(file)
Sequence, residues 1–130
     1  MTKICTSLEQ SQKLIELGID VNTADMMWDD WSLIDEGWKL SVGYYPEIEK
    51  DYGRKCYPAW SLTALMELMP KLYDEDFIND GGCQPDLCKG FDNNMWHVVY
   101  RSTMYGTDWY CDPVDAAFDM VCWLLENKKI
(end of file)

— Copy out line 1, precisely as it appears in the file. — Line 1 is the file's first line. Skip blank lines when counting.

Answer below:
Sequence, residues 1–130